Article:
Dear Madam, – Your paper of January 29 contained a complacent comment from Enterprise Minister Foster about the risk from collapsing wind turbines.
Complacent, because it was unsupported by any evidence, and this is hard to come by as the Health and Safety Executives do not put the results of their investigations into turbine collapse into the public domain.
For example, Dr P. Bratby, concerned at the collapse in moderate wind of the nearby turbine at Bratworthy, Devon, on January 13 2013, had to resort to a series of Freedom of Information requests before it was made public that the cause was incorrect installation procedure.
As was highlighted by a correspondent (Letters 29 January), the separation distance from turbine to domestic residence is critical, and the inadequate NI planning guidance of 10 times blade diameter is routinely ignored by the Department of Environment.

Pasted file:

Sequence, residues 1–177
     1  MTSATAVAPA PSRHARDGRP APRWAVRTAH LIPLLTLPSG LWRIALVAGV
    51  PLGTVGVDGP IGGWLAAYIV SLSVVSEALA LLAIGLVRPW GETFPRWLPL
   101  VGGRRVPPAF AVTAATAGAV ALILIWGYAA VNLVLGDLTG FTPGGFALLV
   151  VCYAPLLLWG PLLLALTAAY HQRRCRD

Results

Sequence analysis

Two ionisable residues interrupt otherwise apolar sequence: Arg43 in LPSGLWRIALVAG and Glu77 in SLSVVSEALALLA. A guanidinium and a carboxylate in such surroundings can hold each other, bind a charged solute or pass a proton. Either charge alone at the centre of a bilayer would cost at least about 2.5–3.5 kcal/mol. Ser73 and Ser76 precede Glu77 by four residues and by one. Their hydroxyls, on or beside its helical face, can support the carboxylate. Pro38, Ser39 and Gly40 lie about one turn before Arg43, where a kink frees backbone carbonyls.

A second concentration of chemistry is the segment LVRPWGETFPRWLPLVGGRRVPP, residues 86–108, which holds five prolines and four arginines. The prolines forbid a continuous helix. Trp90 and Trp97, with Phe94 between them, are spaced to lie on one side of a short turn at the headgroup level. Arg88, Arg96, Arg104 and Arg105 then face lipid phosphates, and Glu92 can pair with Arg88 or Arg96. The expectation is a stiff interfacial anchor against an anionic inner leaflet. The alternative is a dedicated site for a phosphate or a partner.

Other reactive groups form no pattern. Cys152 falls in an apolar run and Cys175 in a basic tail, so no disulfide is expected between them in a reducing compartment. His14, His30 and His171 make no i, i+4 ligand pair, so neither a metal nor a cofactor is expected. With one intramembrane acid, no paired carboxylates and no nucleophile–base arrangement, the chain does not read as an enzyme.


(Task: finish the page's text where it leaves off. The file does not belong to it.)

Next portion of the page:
It doesn’t have to be like this.
Donegal County Councillors, inundated by complaints, have voted to insist on a separation of 10 times tip height (ie typically 1200 m. instead of 800m.). In England, a recent Appeal Decision (22 Dec 2014 ref APP/J0405/A/13/2205701) upheld planning refusal for four 120m. turbines for the substantive reason that a residence 800 metres away would be made uninhabitable. The refusal was immediately endorsed by Minister Eric Pickles.
Such decisions, based on visual and communication disturbances, and noise and health nuisance that follow when huge turbines are proposed too close to homes, should be replicated in Northern Ireland.
Since the DoE looks to the Environmental Health sections of local councils for guidance on health and safety, it is to be hoped that our new representatives taking office in May, and their officials, will at last start to treat this matter with due seriousness.
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